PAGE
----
UP polls: First evicted, Muzaffarnagar riots victims now denied of fundamental right to vote


Kairana (Shamli): On a chilly winter evening, Shabbir Ahmad was sitting on a cot with a quit wrapped around his body in a small room having asbestos roofing at Alflan colony – inhabited by displaced victims of 2013 Muzaffarnagar riots – in Shamli district’s Dhebri Khurd village. Accompanied by three other elderly persons, he was discussing the assembly elections scheduled to begin from Saturday in western Uttar Pradesh.

Photo: Janta Ka Reporter

They were miffed at the fact they cannot exercise their fundamental right to vote despite being a citizen of the country. Why? They are not registered as voters with the Election Commission (EC).

“Our names were not included in the electoral rolls even three years after the communal violence. Why are we being denied of our right as a citizen of this country?” asks Shabbir Ahmad, who fled his home at Baraut in Bagpat district after the violence engulfed the area.

If a survey conducted by an NGO Afkar India Foundation is to be believed, around 35 percent of people who were displaced after the Muzaffarnagar riots and living in different refugee colonies are not registered in the EC’s electoral rolls. The migrants colony at Daberi Khurd alone has 240 families with 900 are eligible voters, but only 11 of them have valid voter ID card.

Ahmed said he and all victims like him living in the refugee colony were voters of their constituencies but their names were deleted from the voters’ list ahead of the 2014 Lok Sabha elections when they migrated from their villages in the wake of riots.

“No government official ever visited this colony to register our names. We approached concerned authorities several times but of no avail,” he added.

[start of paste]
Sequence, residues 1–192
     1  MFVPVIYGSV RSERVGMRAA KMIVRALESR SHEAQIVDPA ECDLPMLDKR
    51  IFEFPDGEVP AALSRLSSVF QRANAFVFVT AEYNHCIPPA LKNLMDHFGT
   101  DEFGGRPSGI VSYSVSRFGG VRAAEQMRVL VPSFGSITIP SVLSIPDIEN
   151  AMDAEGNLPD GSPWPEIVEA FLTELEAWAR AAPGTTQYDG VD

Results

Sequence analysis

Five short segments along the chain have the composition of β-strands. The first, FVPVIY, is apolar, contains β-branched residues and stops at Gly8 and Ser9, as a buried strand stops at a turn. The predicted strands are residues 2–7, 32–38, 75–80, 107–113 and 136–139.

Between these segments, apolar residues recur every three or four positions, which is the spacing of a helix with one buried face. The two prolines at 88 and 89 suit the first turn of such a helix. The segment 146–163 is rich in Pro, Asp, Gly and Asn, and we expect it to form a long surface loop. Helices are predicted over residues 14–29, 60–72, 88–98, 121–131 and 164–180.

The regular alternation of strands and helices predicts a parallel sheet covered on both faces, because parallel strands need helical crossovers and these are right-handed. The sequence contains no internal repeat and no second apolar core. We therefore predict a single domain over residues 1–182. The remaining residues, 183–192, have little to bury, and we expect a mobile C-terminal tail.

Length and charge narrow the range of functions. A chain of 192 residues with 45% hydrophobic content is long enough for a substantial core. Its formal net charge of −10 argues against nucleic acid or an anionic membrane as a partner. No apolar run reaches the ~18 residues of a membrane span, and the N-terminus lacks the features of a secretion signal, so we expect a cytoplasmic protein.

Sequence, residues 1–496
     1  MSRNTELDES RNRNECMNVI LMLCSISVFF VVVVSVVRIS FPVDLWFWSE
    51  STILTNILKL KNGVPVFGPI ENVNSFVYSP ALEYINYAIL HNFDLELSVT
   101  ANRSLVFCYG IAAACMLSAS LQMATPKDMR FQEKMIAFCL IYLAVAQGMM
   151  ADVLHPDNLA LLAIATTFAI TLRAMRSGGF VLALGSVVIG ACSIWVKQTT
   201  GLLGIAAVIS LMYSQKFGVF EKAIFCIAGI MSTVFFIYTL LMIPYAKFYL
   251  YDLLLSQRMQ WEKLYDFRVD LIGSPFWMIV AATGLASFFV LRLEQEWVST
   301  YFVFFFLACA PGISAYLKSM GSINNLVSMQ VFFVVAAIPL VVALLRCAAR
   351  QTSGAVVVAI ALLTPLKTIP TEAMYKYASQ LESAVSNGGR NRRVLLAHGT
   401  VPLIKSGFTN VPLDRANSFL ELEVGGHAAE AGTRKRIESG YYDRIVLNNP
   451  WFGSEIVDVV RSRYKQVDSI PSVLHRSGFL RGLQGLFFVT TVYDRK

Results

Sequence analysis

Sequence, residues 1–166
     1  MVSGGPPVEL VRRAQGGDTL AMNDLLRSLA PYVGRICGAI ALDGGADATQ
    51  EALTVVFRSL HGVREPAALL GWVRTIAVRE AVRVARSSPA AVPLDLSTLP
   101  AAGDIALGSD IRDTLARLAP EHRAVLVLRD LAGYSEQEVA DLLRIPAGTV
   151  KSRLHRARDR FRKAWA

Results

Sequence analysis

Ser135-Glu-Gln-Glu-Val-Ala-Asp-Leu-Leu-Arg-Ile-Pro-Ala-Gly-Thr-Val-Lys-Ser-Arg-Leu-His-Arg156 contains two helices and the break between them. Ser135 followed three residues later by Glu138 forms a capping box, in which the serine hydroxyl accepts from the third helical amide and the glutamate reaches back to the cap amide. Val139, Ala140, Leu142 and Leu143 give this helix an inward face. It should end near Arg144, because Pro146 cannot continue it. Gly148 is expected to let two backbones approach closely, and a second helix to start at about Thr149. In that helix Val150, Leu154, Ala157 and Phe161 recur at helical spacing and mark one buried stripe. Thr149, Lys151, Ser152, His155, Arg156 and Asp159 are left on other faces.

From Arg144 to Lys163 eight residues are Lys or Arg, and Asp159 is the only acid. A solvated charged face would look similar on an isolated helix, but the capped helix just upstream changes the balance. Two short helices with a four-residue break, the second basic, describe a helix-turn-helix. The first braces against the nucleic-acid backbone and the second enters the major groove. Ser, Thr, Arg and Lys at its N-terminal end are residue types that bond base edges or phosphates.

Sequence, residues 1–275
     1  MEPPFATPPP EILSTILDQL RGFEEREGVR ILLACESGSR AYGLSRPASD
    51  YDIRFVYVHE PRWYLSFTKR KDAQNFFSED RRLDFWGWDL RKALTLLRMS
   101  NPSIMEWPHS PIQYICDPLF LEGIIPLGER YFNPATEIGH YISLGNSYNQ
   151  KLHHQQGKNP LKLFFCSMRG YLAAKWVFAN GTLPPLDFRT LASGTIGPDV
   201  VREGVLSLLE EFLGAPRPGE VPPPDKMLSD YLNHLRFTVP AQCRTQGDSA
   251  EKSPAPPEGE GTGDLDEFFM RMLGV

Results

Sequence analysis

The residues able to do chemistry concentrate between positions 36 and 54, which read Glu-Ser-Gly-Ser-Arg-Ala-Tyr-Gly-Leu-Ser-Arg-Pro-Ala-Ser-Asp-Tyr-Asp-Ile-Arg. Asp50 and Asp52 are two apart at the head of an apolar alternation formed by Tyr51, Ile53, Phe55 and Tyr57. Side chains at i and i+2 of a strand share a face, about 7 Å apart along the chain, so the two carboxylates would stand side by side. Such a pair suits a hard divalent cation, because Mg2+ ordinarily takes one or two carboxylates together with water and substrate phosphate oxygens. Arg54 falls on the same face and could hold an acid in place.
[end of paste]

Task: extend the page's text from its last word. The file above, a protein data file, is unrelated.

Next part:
Asked why they do not return to their villages when the situation is quite normal there, another person sitting with him said amid puffs of bidis (a type of cheap cigarette made of unprocessed tobacco wrapped in leaves), “How can we go there? We have filed FIRs against the rioters who attacked us and they are still in the village. They have not so far been arrested.”

Photo: Janta Ka Reporter

Amnah, a resident of Lak village – the epicenter of the violence – in Muzaffarnagar district, echoed the same. “Two members of my family were killed and the killers are roaming free in the village. We gathered courage on several occasions to go back but the determination gave way as reality sank in,” she said.There are hundreds of cases where the accused have not been arrested. This reluctance to arrest suspects compounds the fear and pain of Muslim refugees who fled the villages on September 7 and 8 and are still living in refugee settlements Muslim-dominated villages for protection.

“See our sufferings. First, we were evicted from our places where we were born and had to die. We were forced to live in inhuman condition here. Now, we are denied our basic right to franchise. Will now be thrown out of this country advancing the argument that we are not Indians?” she asks in sarcastic manner.

Meanwhile, Shamli District Magistrate Sujeet Kumar said, “Around 48,000 new voter identity cards have been issued. We will look into the matter if somebody has been left out,” he assured.

State apathy

Many refugee settlements with little basic necessities were built in Muzaffarnagar and Shamli districts by different social organizations and NGOs in the wake of the plight of the victims in several relief camps. The Afkar colony constructed on 21 bigha (3,66,492.14 square feet) of land donated by a local in Daberi Khurd is one of them.

Photo: Janta Ka Reporter

The foundation built around 300 rooms in the area and each family was allotted one room to live. At present, 240 families live here. Although the colony has electricity connection, it severely lacks clean drinking water. All the tube wells are non-functional, except one that pulls out stinking water.

There is no medical facility. “If any organization makes arrangement of free medicines, we will request the locals to arrange a doctor. We feel helpless when anyone from our family falls ill. There are several cases of snake bite,” said a resident.

As many as 85 children are there who need education, but government schools in the area have allegedly refused to admit them.

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